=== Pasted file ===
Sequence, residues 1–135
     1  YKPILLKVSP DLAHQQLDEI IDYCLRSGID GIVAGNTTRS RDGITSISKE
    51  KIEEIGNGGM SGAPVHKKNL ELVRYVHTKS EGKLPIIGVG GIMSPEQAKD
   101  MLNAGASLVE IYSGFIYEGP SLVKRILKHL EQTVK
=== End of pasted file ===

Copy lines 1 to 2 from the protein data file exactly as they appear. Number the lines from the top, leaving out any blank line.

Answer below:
Sequence, residues 1–135
     1  YKPILLKVSP DLAHQQLDEI IDYCLRSGID GIVAGNTTRS RDGITSISKE